Palm BeachSimeon Braguin: Chromatics
Findlay Galleries presents an exhibition of works from the Ukrainian born American Abstract painter, Simeon Braguin. Braguin’s works are both whimsical and sophisticated and distinguished by an elegant yet playful use of line. He also enjoyed a colorful career; he was an Art Director at vogue, a Spy in World War II, a Modern artist and a Mentor to Andy Warhol.
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During a long life, a once unknown Ukrainian immigrant became a New York fashion illustrator, an American war hero, and a modern artist who was as possessed by sailing as he was in forging his abstract style in painting. Quietly and privately, he painted every day and produced an enormous body of work, primarily on canvas. True to his pure approach to making painting enjoyable and accessible, he rarely talked about the meaning he saw in his work. He regularly exhibited at Yale Art School; however, he garnered much more acclaim posthumously from art critics than he ever did alive. Today, Simeon Braguin and his works are regarded highly amongst his peers as a member in good standing of the New York School of abstract expressionists.
Braguin was born in Kharköv, Ukraine, on January 12, 1907, to Anna and Yalöv Braguin. The Braguin family were White Russians and loyal to the Czar. In 1917, at the outset of the Russian Revolution and Civil War, they fled to New York, where Simeon’s father supported his family as a merchant. Braguin was raised playing the violin, and his first paying job as a teenager in New York was playing as an accompanist in local silent movie theaters.
As he grew up, Braguin took art classes at Columbia University and the Art Students League with Boardman Robinson. There he fell in love with fellow student Lenna Glackens. Lenna was the daughter of William Glackens, one of the leaders of the Ashcan School. It is likely that, with William Glackens’ support, Braguin held his first exhibition, in 1931, at the Marie Harriman Gallery in Manhattan, followed closely by a second at the Daniel Gallery. During that period, Braguin quickly developed into an accomplished photographer and gained more than a passing acquaintance with Alfred Steiglitz and Georgia O’Keeffe.
Like many artists of the Depression era, Braguin relied on work in the field of illustration for sustenance, and by 1932, he was a staff illustrator for Vogue, a position that brought him high visibility in the world of fashion. His illustrations appeared in many magazines, including Mademoiselle and the Saturday Evening Post. He was also sought by New York’s leading fashion retailers, including Saks, Bergdorf Goodman, and Bonwit Teller. He quickly rose to become art director for Vogue, working closely with its leading photographers, Edward Steichen and Cecil Beaton.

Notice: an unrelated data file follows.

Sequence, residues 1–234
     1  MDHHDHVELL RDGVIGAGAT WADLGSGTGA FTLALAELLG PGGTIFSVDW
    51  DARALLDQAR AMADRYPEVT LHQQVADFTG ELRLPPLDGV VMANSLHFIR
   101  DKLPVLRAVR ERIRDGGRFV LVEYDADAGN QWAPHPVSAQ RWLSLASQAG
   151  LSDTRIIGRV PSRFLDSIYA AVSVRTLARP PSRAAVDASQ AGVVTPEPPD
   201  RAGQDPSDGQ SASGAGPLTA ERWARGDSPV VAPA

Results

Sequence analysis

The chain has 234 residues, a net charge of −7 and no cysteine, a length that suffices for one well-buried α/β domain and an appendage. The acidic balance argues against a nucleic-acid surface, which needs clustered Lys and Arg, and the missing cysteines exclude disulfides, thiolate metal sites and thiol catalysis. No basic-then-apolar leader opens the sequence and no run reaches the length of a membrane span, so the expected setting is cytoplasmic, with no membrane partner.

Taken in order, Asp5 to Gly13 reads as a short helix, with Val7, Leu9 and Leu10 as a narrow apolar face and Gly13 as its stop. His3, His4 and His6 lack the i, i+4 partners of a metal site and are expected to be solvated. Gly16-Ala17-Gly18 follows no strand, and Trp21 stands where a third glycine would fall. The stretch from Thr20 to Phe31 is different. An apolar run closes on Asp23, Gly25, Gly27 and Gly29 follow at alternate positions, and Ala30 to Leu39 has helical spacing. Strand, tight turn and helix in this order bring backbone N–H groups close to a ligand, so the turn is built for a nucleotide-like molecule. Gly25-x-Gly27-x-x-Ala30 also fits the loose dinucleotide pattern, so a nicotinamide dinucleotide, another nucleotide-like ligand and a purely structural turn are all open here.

On the outbreak of World War II, Cecil Beaton left Vogue to work as a photographer for the British Ministry of Information; Steichen joined the U. S. Navy and formed a unit to photograph aviation combat. Braguin took a more daring step. He became a spy. In addition to being multilingual (he spoke Ukrainian, French, Italian, and English), Braguin was a photographer – all the skills needed by the Office of Strategic Services. His reconnaissance photographs proved essential to the success of many Allied bombing missions. After successfully completing ten daring missions, Braguin sensed he was tempting fate and happily accepted an offer to “retire” with honors.
Following the war, Braguin returned to Vogue in New York. Braguin combined the playful wire-like lines of Cocteau with Matisse’s sensuous color shapes. He also stated that his favorite artist – the whimsical Paul Klee – had a profound influence on both his illustrations and his later paintings.
During the 1950s, Braguin’s unique amalgam of art and design was passed along to a young disciple named Andy Warhol. Warhol had arrived in New York in 1949 and produced many assignments under Braguin’s commission and direction. It was natural that Warhol’s drawings from this period should reflect his strong attraction to Braguin’s light and playful style.
From the early 1980s onward, each of Braguin’s paintings is marked by carefully balanced geometric shapes, painted in unique hues of pastel color. These geometric shapes of color never bear a sharp precisionist edge; instead, they are purposely softened with a rough finish. The translucency of the color fields show that he worked and reworked these sections, layering one color atop another until he achieved the desired effect of establishing a careful harmony of shape and color.
Peter hastings Falk,
excerpted from The Life and Art of Simeon Braguin (Institute of Art Research and Documentation, 2003)
Braguin’s color is intense and he composes interestingly. There is a kind of primitive quality here… Braguin gives evidence of having submitted himself to a parade of continental influences, though underlying all the experiments one seems to detect a native Slavic strain and an impulse toward individual expression.
– Edward Jewell, New York Times, February 7th, 1933
Also at the Lyman Allyn Museum are paintings and sculpture by Simeon Braguin, a resident of Essex, whose harbor is one of his main inspirations. The Ukrainian-born Mr. Braguin is 87, and his art has both the vitality and serenity of a life fully lived. He still races his sailboat. Perhaps that sport has inspired him to trim any excess from his painting style. He essentially abstracts elements seen in the harbor and renders them in a light palette of what have been aptly called ice cream colors. It is the color scheme that resembles Milton Avery’s and exudes pleasantness and a savoring of momentary experiences.
– William Zimmer, New York Times, January 8th, 1995
all images © the gallery and the artist(s)